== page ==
Wills and trusts both serve a similar purpose, i.e., transferring an estate to heirs. However, the two documents differ from each other in substantial ways. Understanding their differences and their goals can help you make an informed decision regarding your estate transfer.
Moreover, some laws define these documents differently in different states. So, for instance, if you’re in Chico, CA, a Wills and Trusts attorney will guide you according to California laws.
As far as wills and trusts are concerned, it’s important to know that according to courts in California, wills should be in writing, signed by the testator, and have two witnesses to be valid. Similarly, in California, properties in a living trust are transferrable without going to court.
But what exactly are a will and a trust, and how are they different? Let’s find out!
What is a Will?
When we talk about a will, we’re commonly referring to a testamentary will. A will is a legally enforceable document that states how to handle your affairs and how to distribute your assets once you die.
A testamentary will may also include information about how to hold your funeral or memorial. There’s no denying that a will is an important document when it comes to estate planning. However, it’s worth mentioning that wills in California need not be notarized.
While you can find online tools to make your will, it’s highly recommended you reach out to wills and trusts attorney to draft and finalize a will. It’s worth remembering that wills cannot be operational during life and only take place after death, which is why a trust might be better suited to your needs.
What is a Trust?
Much like a will, trusts are also used for estate transfer, but they work quite differently. Essentially, a trust is a fiduciary relationship that gives a third party the authority to handle your assets for your beneficiaries.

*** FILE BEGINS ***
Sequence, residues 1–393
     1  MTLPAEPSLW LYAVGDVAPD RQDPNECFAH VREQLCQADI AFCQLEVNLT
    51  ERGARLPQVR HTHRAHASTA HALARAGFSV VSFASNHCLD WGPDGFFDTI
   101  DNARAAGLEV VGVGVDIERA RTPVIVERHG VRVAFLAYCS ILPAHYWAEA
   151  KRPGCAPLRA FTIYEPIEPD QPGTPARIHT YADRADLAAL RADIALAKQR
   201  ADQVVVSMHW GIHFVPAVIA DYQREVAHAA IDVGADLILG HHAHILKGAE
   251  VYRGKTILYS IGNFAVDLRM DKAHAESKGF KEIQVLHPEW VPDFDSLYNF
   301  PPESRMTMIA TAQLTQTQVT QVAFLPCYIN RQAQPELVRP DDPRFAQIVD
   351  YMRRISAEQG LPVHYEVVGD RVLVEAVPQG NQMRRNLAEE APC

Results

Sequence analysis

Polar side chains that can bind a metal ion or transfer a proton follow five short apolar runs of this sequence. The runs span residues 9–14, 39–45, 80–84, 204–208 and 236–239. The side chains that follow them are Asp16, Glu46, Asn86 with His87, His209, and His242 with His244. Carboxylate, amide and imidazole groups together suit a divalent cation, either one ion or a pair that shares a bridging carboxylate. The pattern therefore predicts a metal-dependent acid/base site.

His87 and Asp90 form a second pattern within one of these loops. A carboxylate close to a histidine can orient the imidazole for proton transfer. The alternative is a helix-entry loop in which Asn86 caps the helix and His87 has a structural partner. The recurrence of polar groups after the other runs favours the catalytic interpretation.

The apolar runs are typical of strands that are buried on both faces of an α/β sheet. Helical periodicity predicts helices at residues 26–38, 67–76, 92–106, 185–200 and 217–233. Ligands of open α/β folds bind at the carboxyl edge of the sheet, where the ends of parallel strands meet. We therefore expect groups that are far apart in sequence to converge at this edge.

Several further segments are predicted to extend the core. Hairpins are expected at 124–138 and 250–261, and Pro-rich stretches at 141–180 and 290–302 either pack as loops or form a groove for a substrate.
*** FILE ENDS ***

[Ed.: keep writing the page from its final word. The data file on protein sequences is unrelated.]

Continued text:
There are several ways to create a trust, and there are many different types of trusts. Typically, there are two types of trusts: living and testamentary. You can also create a revocable living trust which is designed to avoid probate court.
Wills vs. Trusts: How They Differ
Although both wills and trusts are used to deal with estate transfer, they offer a different set of benefits, depending on what you need.
For instance, wills in California are only officially recognized by admitting the will to probate. Essentially, the court issues an order if it finds the will valid. Trusts, on the other hand, don’t require probate to be declared valid. Therefore, you can administer a trust without needing to open the probate.
On the other hand, trusts also offer a certain degree of flexibility as you can include sub-trusts to hold assets for your beneficiaries. This is especially beneficial if you have minor children or grandchildren, and the sub-trust can hold the assets until they come of age.
Moreover, you can also include provisions in the trust to ensure the beneficiaries use the Trust funds for education or health until the requisite age. Essentially, you can have any terms or provisions you want in a trust.
Conclusion: An Experienced Attorney Can Help You Make the Right Choice
In conclusion, trusts are far more versatile and can help you plan not only for death but also for life. Wills don’t offer the same versatility, but they are easier to create than trust. If you’re confused about which one you need, it’s better to consult a will and trust attorney.
At Marquez Law Offices, we have reliable and competent wills and trusts attorneys in Chico, CA. We can handle all your wills, trusts, and probate issues to make estate transfer smooth and easy for you and your loved ones. Get in touch now to learn more.